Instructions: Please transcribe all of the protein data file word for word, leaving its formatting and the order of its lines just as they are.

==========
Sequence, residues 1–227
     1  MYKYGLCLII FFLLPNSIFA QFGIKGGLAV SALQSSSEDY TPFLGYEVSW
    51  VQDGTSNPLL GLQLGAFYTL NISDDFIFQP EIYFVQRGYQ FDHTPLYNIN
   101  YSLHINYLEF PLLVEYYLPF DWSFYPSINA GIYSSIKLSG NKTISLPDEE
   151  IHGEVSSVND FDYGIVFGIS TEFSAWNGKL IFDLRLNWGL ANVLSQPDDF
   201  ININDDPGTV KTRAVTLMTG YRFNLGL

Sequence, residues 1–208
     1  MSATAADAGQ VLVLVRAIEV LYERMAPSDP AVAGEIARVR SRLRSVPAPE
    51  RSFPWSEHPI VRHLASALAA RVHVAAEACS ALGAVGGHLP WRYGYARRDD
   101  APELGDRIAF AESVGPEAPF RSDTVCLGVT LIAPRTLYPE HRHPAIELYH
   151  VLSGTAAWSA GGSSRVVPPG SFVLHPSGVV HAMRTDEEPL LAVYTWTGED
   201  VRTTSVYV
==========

Sequence, residues 1–227
     1  MYKYGLCLII FFLLPNSIFA QFGIKGGLAV SALQSSSEDY TPFLGYEVSW
    51  VQDGTSNPLL GLQLGAFYTL NISDDFIFQP EIYFVQRGYQ FDHTPLYNIN
   101  YSLHINYLEF PLLVEYYLPF DWSFYPSINA GIYSSIKLSG NKTISLPDEE
   151  IHGEVSSVND FDYGIVFGIS TEFSAWNGKL IFDLRLNWGL ANVLSQPDDF
   201  ININDDPGTV KTRAVTLMTG YRFNLGL

Sequence, residues 1–208
     1  MSATAADAGQ VLVLVRAIEV LYERMAPSDP AVAGEIARVR SRLRSVPAPE
    51  RSFPWSEHPI VRHLASALAA RVHVAAEACS ALGAVGGHLP WRYGYARRDD
   101  APELGDRIAF AESVGPEAPF RSDTVCLGVT LIAPRTLYPE HRHPAIELYH
   151  VLSGTAAWSA GGSSRVVPPG SFVLHPSGVV HAMRTDEEPL LAVYTWTGED
   201  VRTTSVYV